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Molecular biologists have elucidated general principles about chromosomal translocations by cloning oncogenes or fusion genes at chromosomal translocation junctions. These genes invariably encode intracellular proteins and in acute cancers, often involve transcription and developmental regulators, which are master regulators of cell fate (e.g. LMO2 which is involved in acute leukaemia). Chromosomal translocations are usually associated with specific cell types. The reason for this close association is under investigation using mouse models. We are trying to emulate the cell-specific consequences of chromosomal translocations in mice using homologous recombination in embryonic stem cells to generate de novo chromosomal translocations or to mimic the consequence of these translocations. In addition, chromosomal translocation genes and their products are important targets for therapy. We have designed new therapeutic strategies which include antigen-specific recruitment of endogenous cellular pathways to affect cellular viability and a novel structured form of antisense to ablate the function of fusion mRNAs. We will evaluate these procedures in the mouse models of chromosomal translocations and the long term aim is to perfect rapid procedures for characterizing patient-specific chromosomal translocations to tailor therapy to individual patients.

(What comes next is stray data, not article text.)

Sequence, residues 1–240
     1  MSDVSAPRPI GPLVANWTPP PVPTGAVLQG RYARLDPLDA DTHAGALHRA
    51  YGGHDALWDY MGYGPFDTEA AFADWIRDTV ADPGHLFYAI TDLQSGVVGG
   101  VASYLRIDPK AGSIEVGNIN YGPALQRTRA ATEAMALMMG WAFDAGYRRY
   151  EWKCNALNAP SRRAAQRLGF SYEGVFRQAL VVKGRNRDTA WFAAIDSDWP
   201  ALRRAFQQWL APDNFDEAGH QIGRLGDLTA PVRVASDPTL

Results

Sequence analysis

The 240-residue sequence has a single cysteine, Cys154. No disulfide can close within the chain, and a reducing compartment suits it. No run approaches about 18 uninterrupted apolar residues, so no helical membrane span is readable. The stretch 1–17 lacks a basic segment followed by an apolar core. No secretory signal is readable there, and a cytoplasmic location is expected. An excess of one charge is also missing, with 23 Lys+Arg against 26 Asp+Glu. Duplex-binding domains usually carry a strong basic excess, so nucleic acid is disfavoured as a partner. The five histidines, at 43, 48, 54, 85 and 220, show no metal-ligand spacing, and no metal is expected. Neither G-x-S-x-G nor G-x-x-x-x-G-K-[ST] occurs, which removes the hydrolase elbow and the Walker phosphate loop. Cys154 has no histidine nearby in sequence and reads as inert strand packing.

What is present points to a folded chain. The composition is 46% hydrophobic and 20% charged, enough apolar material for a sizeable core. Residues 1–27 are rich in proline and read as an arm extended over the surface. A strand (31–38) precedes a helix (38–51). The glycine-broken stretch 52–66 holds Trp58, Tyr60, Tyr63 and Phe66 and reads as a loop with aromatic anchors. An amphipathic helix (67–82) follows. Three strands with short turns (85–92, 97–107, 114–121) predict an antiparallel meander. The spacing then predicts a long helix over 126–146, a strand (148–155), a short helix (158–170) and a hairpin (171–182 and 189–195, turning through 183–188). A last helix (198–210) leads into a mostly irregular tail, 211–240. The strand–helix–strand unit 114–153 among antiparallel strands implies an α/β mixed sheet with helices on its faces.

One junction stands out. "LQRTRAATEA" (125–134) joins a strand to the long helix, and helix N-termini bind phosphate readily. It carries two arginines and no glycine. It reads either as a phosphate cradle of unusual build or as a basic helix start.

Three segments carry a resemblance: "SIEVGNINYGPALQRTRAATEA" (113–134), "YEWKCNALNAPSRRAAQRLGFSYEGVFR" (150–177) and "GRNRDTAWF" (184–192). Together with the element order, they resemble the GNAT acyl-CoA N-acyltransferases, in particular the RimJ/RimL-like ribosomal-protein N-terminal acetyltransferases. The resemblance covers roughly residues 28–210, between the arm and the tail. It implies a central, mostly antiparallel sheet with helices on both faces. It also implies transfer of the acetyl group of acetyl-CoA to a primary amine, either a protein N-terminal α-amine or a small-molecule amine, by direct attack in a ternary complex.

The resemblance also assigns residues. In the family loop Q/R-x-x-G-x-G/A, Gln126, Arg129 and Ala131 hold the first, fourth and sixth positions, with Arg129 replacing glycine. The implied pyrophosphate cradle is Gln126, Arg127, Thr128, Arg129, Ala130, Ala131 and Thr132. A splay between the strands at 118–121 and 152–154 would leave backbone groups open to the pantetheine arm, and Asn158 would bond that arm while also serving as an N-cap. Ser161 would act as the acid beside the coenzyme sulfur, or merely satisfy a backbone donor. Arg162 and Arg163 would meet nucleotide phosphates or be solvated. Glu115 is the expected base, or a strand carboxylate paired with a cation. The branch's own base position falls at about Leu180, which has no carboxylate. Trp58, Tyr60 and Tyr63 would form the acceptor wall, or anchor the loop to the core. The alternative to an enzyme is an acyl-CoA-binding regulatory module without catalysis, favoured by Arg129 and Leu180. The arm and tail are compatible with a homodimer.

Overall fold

Original publication




Journal article



Publication Date





5763 - 5777


Animals, Base Sequence, Cloning, Molecular, DNA, Complementary, Disease Models, Animal, Humans, Mice, Models, Biological, Models, Genetic, Molecular Sequence Data, Neoplasms, Oligonucleotides, Antisense, Oncogene Proteins, Fusion, Recombination, Genetic, Translocation, Genetic